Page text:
The tragic events of September 11, 2001, changed everything for actor and playwright Jihad Milhem, the son of a Palestinian Muslim from the West Bank and a white American mother. A native of Columbus, Ohio, he grew up with his mother as a non-practicing Muslim, but spent time learning the ropes of Muslim culture when visiting his father's home after his parents divorced. After the terrorist attacks, which happened when he was thirteen, he found himself torn by his family's cultural allegiances. As many in the United States turned against their Islamic neighbors, government surveillance of Muslims escalated, and people were rounded up and detained in unprecedented numbers, he and his family experienced Islamophobia and prejudice firsthand.
“My father dealt with hate crimes,” he explains. “He was once held at gunpoint while getting the mail at his apartment complex. They threw him in the back of a van, and it was dawn before they let him out.” His Arabic stepmother and her young daughters, who wore the hijab, were accosted at work and in public parking lots.
But the debate in lower Manhattan over building a mosque within blocks of Ground Zero is what inspired him to write Mosque, a family drama shaped by real-world events.
“In the summer of 2010, I was in Columbus, getting my ducks in a row to move to New York,” Milhem recalls. “I spent the night at my sister’s house — my older sister from my mom’s side, who is white – and she and her husband were against the Ground Zero mosque. It seemed to be all the cable news shows talked about — that was the zeitgeist — and I thought, ‘Why do I want to go to such an unaccepting place?’” Aspiring to have a career in theater, he took the leap anyway.
“To me, New York had always represented diversity and cultural acceptance,” Milhem explains. “That was one thing I loved about it. I could walk around Manhattan and hear five to ten languages in a day.” As he was observing the anti-Muslim sentiment sparked by the so-called Ground Zero mosque, the idea for his play Mosque took root.
Milhem eventually moved to Boulder when his wife enrolled at Naropa University, and he settled into an acting career that includes roles with the Colorado Shakespeare Festival, the Boulder Ensemble Theatre Company and other local groups.
In the meantime, Mosque was workshopped and presented in different forms, leading to a final version that will premiere on Sunday, May 19, at the People’s Building in Aurora.
The show is being co-produced by the Black Actors Guild and playwright/actor Jeff Campbell's Emancipation Theater Co. Both groups have a commitment to reflecting diversity and the views of people of color to promote conversations about social issues, and Milhem's play about a father and son at odds in the shadow of 9/11 felt like a good fit for the companies, especially in the multicultural community of downtown Aurora.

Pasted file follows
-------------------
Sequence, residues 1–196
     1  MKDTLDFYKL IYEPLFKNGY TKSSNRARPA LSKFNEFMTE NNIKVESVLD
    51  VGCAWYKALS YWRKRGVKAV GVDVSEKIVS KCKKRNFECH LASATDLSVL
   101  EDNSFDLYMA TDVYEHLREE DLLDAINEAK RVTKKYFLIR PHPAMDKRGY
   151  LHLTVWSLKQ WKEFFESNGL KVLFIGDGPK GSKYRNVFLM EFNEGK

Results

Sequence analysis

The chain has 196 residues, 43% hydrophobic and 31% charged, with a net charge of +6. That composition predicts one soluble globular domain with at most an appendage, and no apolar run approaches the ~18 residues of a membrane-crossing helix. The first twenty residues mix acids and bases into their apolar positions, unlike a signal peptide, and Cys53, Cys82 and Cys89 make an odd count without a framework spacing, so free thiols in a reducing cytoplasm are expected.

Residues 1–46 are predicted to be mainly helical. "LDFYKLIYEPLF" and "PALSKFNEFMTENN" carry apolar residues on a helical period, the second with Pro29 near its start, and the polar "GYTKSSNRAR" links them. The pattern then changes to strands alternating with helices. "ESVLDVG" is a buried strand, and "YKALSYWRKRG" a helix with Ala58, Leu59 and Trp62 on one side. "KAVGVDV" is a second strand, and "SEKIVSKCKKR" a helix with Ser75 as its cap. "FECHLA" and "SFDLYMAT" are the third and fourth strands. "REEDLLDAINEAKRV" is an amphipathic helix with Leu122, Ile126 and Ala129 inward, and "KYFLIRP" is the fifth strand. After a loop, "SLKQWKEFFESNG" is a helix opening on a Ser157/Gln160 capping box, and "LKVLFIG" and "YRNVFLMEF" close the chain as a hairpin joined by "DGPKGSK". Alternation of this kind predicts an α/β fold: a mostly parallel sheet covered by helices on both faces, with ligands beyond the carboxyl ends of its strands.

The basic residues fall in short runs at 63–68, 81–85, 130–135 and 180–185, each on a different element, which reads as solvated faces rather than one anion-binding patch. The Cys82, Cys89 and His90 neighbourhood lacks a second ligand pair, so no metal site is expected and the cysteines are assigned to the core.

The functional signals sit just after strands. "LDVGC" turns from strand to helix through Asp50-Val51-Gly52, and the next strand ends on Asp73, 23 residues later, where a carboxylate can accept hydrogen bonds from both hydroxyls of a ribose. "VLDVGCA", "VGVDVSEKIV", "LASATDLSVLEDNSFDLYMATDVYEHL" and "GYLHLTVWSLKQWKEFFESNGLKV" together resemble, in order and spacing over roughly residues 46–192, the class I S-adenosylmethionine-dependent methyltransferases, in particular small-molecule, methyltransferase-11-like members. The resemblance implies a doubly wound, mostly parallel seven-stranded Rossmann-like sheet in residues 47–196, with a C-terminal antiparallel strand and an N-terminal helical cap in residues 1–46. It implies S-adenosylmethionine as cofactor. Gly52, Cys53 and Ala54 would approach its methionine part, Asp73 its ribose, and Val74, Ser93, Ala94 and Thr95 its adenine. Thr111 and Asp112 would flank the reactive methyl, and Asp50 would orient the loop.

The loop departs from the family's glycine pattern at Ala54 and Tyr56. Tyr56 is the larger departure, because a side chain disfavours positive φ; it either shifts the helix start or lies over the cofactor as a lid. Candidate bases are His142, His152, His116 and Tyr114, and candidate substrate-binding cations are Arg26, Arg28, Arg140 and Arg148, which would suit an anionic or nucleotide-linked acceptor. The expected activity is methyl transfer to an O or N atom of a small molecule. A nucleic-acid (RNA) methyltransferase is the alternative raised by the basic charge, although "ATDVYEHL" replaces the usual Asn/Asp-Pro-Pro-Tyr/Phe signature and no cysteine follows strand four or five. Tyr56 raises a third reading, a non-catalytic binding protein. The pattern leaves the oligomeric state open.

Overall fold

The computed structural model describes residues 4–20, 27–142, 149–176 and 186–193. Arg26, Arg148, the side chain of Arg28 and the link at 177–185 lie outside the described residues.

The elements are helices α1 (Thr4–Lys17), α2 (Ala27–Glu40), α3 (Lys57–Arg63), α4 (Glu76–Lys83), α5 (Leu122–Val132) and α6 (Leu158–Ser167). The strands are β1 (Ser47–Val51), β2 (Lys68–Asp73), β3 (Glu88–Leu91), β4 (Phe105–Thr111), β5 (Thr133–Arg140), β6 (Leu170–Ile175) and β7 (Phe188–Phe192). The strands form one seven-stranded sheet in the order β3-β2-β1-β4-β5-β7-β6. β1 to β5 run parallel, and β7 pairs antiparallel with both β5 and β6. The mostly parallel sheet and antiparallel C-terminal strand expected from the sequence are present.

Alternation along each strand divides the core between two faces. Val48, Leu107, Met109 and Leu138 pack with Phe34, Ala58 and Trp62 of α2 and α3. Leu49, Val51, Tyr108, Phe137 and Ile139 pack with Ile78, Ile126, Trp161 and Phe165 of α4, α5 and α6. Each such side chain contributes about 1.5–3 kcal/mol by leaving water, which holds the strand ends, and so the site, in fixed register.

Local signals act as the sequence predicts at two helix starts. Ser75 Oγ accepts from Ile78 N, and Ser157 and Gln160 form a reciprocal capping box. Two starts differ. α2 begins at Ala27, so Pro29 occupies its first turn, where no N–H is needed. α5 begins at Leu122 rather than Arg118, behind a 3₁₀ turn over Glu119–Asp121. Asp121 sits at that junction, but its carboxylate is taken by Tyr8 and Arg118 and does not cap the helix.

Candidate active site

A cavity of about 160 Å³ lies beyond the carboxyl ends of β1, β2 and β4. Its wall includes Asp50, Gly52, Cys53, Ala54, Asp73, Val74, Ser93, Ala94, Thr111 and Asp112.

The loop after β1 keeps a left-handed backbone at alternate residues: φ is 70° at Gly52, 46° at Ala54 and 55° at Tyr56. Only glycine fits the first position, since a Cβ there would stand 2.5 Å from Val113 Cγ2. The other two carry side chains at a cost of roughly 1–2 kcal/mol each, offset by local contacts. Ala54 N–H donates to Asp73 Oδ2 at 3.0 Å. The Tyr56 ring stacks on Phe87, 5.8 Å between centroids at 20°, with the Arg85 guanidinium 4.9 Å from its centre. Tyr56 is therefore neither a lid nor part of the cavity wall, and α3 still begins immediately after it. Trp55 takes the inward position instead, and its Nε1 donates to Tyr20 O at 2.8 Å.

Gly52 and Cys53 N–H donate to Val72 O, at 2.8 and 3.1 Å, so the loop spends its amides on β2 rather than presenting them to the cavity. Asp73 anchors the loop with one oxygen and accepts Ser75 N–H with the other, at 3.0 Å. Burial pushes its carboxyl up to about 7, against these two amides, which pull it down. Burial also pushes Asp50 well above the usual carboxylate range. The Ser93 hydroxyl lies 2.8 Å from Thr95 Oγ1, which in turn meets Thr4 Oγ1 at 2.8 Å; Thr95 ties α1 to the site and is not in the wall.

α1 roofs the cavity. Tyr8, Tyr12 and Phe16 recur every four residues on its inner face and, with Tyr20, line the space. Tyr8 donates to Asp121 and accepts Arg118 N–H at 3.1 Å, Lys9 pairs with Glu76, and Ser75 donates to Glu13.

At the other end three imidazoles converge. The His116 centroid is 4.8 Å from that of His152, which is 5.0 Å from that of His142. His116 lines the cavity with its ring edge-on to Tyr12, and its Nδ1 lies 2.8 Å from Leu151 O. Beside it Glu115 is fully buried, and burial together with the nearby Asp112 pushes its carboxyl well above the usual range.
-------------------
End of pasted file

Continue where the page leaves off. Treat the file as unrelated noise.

“So many people were against building this mosque in a city that has more mosques than most,” Milhem says, adding that seeing “a place be so torn apart over one issue” caused him to listen in on the conversations it generated and borrow from them. “It’s a story about a father and son with that as the backdrop, and the first part I wrote was an argument between two cabbies over the mosque. I wanted it to be about people first, and that’s where I flew with it.”
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The playwright also wrote Mosque with the goal of opening up more roles for Arab-American actors like himself. “I’ve personally only played a Palestinian once, and I’ve never played a Palestinian-American in my life,” Milhem notes. And in a time when immigration and religious freedom are both under attack in the United States, he feels a duty to seek solutions through understanding.
“I wanted to talk about how this has become more and more relevant since I first wrote the play,” Milhem explains. “There was a rise in Islamophobic hate crimes when the mosque controversy was at a fever pitch, and now, since Trump ran on his xenophobic points, there have been clear spikes in anti-Muslim hate crimes, which have also singled out Sikhs, secular Arabs and even Latinos.
“The Arab-American experience is the American experience, and all anybody is trying to do is get through the day and love people they love,” Milhem continues. “Now I see that the heart of it is about a father and son and the makeshift family that surrounds them, and how the larger family we choose in the outside world can tear core families apart. Outside forces make people grow apart.” Learning to understand each other, he says, might help families get back together again.
Mosque opens at 7:30 p.m. Sunday, May 19, and runs for eight more performances through June 2 at the People's Building, 9995 East Colfax Avenue in Aurora. Tickets are $15 in advance, $20 at the door; opening night doubles as a benefit for the Denver Actors Fund. Learn more online.